You can see if your local quilt shop is carrying it. We offer subscriptions for $30 for the first three issues. We have printed enough of Issue #1 that will still be available a year from now I’m guessing. We understand that some people might not find it until Issue #5 and they might want back issues. Issue # 2 comes out in late March and Issue #3 will ship in July. We made a decision not to sell to Amazon so independent shop owners will have something that is not available on Amazon.

You have another book coming out soon. Can you tell us about it and when it will hit bookstore shelves?

“Transparency Quilts” is expected to arrive at the warehouse on December 1. We hope to have it by mid-December but I know that Amazon doesn’t get it until January.

While many people quilt to unwind from their day, how do you unwind when quilting is your livelihood?

Exercise is an important part of our lives. We also love to play games with our 10-year-old daughter. We cook, garden, knit, read and draw in our free time, although there hasn’t been much of that of late. We’re hoping to have our weekends free in 2012.

I eat a mostly vegetarian diet but tend to shy away from serving a vegetarian menu at the holidays partly because I’m afraid it won’t come off very festive (and maybe I’m just not able to give up the turkey smell I so associate with the holiday). Since you and your family have followed a vegetarian diet for decades, what did you serve for Thanksgiving?

Well I’ve been a vegetarian since 1979 and Bill became one before we met so no one at our Thanksgiving table is interested in turkey. This year we served a delicious vegetarian pot pie, mashed potatoes, orange cranberry relish, Brussels sprouts with garlic and parmesan cheese and my favorite gingery pumpkin pie. We cook from scratch most days and especially on the holidays. For Christmas and New Year’s it’s often buckwheat crepes with spinach and cheese filling or broccoli souffle or our favorite goat cheese walnut individual souffles. We set a fancy table with nice linens, flowers and candles. We make sure the food is plated beautifully even though it’s usually just the three of us. I think it’s very festive but I don’t know if others would agree.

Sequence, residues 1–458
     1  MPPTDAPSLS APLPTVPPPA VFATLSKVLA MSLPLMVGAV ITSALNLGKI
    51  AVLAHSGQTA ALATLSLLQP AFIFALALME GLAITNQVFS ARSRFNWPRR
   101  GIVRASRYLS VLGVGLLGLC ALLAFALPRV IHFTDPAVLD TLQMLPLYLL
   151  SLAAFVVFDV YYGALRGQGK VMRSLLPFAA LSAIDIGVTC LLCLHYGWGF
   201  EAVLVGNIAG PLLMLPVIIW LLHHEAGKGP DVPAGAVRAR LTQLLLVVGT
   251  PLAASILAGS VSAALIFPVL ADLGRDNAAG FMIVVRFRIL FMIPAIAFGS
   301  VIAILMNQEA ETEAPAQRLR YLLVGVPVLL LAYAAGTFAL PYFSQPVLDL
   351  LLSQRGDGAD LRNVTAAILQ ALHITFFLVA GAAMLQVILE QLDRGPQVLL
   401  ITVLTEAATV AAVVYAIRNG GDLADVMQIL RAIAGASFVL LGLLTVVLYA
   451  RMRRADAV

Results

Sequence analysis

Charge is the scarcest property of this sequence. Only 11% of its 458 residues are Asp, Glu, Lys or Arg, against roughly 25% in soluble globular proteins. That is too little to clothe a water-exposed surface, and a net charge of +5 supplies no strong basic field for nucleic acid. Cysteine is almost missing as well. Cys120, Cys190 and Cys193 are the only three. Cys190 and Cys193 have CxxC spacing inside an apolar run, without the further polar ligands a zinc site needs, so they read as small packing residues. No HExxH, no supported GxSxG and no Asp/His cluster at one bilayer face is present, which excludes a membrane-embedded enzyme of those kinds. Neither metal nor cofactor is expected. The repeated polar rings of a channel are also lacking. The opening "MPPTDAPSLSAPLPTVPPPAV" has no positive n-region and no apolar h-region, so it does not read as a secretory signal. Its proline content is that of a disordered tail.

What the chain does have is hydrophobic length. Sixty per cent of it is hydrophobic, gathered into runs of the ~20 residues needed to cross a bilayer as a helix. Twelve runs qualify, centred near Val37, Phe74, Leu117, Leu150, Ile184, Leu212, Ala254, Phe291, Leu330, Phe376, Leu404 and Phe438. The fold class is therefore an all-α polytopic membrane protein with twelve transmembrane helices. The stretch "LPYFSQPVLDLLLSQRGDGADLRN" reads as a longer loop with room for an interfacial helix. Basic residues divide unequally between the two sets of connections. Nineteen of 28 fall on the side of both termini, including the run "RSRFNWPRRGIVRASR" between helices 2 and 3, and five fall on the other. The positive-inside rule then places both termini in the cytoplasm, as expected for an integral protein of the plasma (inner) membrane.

To see more of the quilts in the current issue of Modern Quilts Illustrated or to order the magazine from Modern Quilt Studio,  Modern Quilts Illustrated, visit Weeks’ blog, Craft Nectar, or their website

Photo Courtesy of Modern Quilt Studio

Photo Courtesy of Modern Quilt Studio

Happy quilting.  I’m going to e-mail Weeks to see if their new book is ready for shipping!

“Modern Blocks” Book Giveaway

November 28, 2011

Just in time for the holidays, I am giving away a copy of Modern Blocks: 99 Quilt Blocks from Your Favorite Designers. If you haven’t seen this book, you can read more about it on my November 13th post. To put your name in the hat for the drawing, simply leave a comment about quilting or fabric. (If, like me, you are still recovering from too much pie during Thanksgiving and need some ideas: Do you like working with solids, prints, or a combination best; do you like working on one project at a time or multiple; what colors are you most drawn to right now.)

Next Sunday, December 4th, my daughter with the assistance of our newest family member Audrey (see my last post), will draw the winner’s name from the hat. The winner will be announced here and then contacted via e-mail for mailing info, so stay tuned!